VBAC Book Review
I thought I'd try something new here. I've been reading so much for GentleBirth certification and now for the VBAC class I'm taking too, I thought I'd pass on my take on a valuable book available here.
Birth after Cesarean by Jenny Lesley and published by the volunteer group Association for improvements in the Maternity Services is a very encouraging and positive book about normal birth. It’s full of snippets from women and beautiful birth stories. It’s truly a book that understand the emotional reasons why women choose VBAC and fits with the GentleBirth philosophy.
After an introductory chapter about why women choose VBAC and really why women should be encouraged in that direction, the rest of the book is all about the numbers and dispelling myths surrounding VBAC.
Chapter 2 focuses on risks of cesareans and how those risks go up with each cesarean. Our maternity system seems to focus on the risk of VBAC and gloss over the risks of cesarean. This happens for a variety of reasons not the least of which is because doctors often feel more in control of a surgery than they do in a normal birth. The risk that’s most often talked about in VBAC is a uterine rupture. This is the focus of Chapter 3. This is a real risk but as is pointed out, a small one even with multiple scars and it’s not limited to women with surgical history.
Some women wonder if they should even bother trying for a VBAC. They fear that they will just end up back in surgery. Chapter 4 addresses this. Most women who try for a VBAC get their VBAC. There are some situations where that doesn’t happen, of course, but even then, the repeat cesarean is often less traumatic because the birth woman knows what to expect and she was part of that decision.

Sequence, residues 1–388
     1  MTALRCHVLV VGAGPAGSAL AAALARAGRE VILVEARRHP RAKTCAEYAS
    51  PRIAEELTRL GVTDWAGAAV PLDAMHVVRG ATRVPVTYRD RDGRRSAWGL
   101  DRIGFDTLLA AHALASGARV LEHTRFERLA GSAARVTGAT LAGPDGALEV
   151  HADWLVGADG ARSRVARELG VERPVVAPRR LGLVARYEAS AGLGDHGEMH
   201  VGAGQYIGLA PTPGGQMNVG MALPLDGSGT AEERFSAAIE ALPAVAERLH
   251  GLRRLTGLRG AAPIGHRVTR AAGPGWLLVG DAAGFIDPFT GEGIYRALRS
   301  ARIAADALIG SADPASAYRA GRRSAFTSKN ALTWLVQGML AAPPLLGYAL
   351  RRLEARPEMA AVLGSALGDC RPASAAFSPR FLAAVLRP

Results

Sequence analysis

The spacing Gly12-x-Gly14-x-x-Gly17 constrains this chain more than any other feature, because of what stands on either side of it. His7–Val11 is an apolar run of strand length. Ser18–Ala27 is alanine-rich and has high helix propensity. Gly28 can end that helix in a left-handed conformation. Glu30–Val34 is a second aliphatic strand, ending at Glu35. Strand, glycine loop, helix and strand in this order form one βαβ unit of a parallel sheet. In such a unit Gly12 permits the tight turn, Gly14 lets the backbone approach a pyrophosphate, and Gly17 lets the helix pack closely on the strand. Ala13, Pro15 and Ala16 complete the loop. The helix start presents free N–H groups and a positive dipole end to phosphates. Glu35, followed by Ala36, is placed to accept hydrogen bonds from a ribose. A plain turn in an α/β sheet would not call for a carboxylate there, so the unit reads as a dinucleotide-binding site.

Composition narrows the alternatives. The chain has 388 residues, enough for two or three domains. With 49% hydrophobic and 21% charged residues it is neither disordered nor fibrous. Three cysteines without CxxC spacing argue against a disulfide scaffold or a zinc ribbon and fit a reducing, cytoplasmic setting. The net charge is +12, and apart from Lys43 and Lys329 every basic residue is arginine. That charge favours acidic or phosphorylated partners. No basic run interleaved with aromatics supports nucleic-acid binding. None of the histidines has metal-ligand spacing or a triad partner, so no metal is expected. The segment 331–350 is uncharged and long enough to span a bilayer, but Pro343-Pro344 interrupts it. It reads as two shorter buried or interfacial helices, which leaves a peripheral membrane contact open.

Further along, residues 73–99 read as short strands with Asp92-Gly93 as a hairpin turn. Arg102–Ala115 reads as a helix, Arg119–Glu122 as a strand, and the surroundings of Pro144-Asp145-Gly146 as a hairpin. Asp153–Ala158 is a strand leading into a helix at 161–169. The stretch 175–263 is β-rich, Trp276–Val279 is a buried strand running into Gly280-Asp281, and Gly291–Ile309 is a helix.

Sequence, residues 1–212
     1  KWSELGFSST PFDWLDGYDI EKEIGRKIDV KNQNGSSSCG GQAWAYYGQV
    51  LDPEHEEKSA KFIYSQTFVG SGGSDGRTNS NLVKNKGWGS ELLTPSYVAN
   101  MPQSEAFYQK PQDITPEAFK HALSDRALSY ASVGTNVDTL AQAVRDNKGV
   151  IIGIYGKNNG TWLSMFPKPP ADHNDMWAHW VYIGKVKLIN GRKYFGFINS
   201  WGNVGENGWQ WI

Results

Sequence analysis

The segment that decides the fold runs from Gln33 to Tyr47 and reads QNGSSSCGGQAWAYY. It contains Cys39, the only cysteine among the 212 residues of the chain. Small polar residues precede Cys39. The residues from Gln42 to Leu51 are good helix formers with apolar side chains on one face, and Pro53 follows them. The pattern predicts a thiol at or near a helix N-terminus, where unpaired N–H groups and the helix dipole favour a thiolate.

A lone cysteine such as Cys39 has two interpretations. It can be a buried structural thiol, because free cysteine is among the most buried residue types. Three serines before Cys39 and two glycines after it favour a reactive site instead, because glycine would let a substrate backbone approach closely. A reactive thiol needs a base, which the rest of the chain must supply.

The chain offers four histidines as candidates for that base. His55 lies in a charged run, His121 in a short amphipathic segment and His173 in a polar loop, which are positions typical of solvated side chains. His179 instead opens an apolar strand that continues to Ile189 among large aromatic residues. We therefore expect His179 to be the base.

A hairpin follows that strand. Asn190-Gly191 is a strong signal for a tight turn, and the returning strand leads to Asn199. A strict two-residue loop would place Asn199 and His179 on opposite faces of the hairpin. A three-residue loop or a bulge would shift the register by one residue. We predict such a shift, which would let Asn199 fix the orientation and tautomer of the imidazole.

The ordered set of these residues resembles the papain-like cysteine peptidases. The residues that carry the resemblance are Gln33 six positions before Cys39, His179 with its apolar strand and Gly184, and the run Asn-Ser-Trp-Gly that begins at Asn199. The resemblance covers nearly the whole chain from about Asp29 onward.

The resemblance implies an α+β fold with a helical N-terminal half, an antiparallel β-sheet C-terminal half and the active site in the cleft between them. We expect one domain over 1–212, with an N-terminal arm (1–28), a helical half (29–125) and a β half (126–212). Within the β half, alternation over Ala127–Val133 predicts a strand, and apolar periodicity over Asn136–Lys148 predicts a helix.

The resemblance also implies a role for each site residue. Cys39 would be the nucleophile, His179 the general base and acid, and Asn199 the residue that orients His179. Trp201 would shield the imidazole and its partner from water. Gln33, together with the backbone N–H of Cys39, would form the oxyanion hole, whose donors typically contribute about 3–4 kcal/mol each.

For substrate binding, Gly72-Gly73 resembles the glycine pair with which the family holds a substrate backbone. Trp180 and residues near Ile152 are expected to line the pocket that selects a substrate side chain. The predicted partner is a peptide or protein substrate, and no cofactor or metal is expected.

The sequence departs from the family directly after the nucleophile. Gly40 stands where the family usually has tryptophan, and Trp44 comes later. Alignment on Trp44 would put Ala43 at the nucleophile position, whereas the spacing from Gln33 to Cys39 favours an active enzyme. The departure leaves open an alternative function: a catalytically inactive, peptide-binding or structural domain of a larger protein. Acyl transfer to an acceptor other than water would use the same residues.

Chapter 5 weighs the risks and benefits of VBAC vs. an elective repeat cesarean. This is important. Risks on both side of this equation are low. There is not a black and white right answer for every woman. Every one needs to make a decision based on information and their own particular situation. There are real risks and benefits on both sides.
Chapter 6 dispels the myths that are often brought up about why women might be told they “can’t” have a VBAC. As a mom who has had more than one cesarean, I particularly appreciated the positive portrayal of vaginal births after more than on cesarean. But really, even if you are told your baby is too big, you are too old, your baby is breech, it’s too soon, you have the wrong kind of scar, you’re having multiples, the numbers are still in your favor. Women have options!
Chapters 7 & 8 are about planning for and making VBAC more likely and include beautiful birth stories including the author’s own HWBA3C (home water birth after 3 cesareans). Choosing care providers and birthing locations carefully and making sure the necessary support is in place increase women’s chances significantly. To birth normally, women need to be comfortable and relaxed in their chosen place of birth.
No book on VBAC would be complete without information about repeat cesareans and this is the topic of Chapter 9. They are a reality and sometimes the solution. A positive birth is possible even in the event that a cesarean becomes the best option.
I really enjoyed this book and I’ll be recommending it to women who are making decisions about future births after a cesarean. The one limitation is has is that it’s written primarily for the UK and the medical system there. The process of transferring care and moving from home to hospital just isn’t as fluid here as it is there and that needs to mentioned.
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Adina Nelson, CD(DONA)
I am a birth & postpartum doula and chlidbirth educator practicing in North Idaho.
She was there every step of the way for me and my husband...I thank Adina for everything she helped us with. She truly is a special person and we will be forever grateful for her! ~Erin